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Study Shows Minority Patients Underrepresented At City’s Elite Hospitals

According to a study released last Thursday in the International Journal of Health Services, black patients are under-represented at New York City’s academic medical centers.

 

The findings are consistent with other reports over the years that show the city’s academic medical centers take fewer Medicaid and uninsured patients than safety-net hospitals, and insurance is often a proxy for race.

 

In New York City, Medicaid patients were one-half as likely, and uninsured patients were one-quarter as likely, as privately insured patients to receive care at an academic medical center, according to the study.

 

But “insurance coverage did not fully account for the striking under-representation of black patients,” the study’s authors wrote.

 

This particular study, written by authors at CUNY, Boston Medical Center and Cambridge Health Alliance, compared New York City to Boston, another town with prestigious academic medical centers and argued that Boston does a better job at treating black patients at its elite institutions.

 

There are many reasons New York City doesn’t fare as well as Boston, including the fact that academic medical centers make up a larger percentage of the overall market in Boston. There are fewer places in Boston for any patient, including black patients, to seek care.

 

In New York City, academic medical centers make up less than one-third of the market, and are, for the most part, in Manhattan. That means the safety-net providers in Queens, East Harlem or Central Brooklyn, which are predominantly low-income, minority neighborhoods, tend to see a greater percentage of black patients.

 

Still, it does not entirely account for the disparities or alleviate the concern that black patients in New York City are less likely to receive care at academic medical centers, according to Steffie Woolhandler and David Himmelstein, two authors from CUNY.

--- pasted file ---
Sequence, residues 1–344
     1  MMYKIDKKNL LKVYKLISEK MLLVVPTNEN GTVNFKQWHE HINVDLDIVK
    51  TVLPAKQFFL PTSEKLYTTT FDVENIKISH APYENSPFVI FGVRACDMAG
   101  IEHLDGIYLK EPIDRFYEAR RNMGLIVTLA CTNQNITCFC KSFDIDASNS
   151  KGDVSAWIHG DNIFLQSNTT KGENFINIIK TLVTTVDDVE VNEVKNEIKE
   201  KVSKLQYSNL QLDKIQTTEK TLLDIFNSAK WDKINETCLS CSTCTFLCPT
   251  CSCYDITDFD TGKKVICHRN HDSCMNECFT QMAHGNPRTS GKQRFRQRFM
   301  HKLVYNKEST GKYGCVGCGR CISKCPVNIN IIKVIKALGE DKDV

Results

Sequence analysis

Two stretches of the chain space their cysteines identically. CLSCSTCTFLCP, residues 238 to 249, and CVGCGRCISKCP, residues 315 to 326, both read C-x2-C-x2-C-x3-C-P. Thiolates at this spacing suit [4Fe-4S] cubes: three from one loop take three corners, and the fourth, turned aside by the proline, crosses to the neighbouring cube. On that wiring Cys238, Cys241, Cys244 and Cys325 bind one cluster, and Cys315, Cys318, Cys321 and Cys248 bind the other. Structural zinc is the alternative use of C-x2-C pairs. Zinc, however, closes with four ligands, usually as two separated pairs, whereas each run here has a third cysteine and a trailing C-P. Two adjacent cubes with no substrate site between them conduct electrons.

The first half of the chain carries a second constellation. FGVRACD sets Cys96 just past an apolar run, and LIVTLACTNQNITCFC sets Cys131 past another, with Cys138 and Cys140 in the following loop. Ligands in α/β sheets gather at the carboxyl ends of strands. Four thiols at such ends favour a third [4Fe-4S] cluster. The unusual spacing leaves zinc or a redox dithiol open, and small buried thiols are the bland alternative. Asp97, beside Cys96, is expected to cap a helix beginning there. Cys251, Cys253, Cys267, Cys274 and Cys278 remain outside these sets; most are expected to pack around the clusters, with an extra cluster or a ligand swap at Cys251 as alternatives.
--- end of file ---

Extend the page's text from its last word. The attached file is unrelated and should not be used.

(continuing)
“The existence of a public hospital system does not lessen concern about the pattern of segregations by race and income, especially in view of the fact that the public system is chronically under-funded and under-resourced,” they wrote in an email. “The argument that [Health + Hospitals] existence excuses the best resourced hospitals from providing care to poor and minority patients is similar to a ‘separate but equal’ view, when we know very well that the resources are unequal.”

 

The idea that New York City’s elite institutions favor the commercially insured, which leads to racial disparities, is not new.

 

In 2008, the New York Lawyers for the Public Interest filed a civil rights complaint with then-Attorney General Andrew Cuomo, alleging Mount Sinai Medical Center, New York-Presbyterian Hospital and Montefiore Medical Center, three academic medical centers, treated commercially insured patients better than those with Medicaid or no insurance. Cuomo declined to pursue the case.

 

Last year, the State Legislature unanimously approved a bill that would have created a new class of safety-net hospitals and forced the state to provide increased funding to those institutions, one way to address what many see as an imbalance. Cuomo vetoed the bill.

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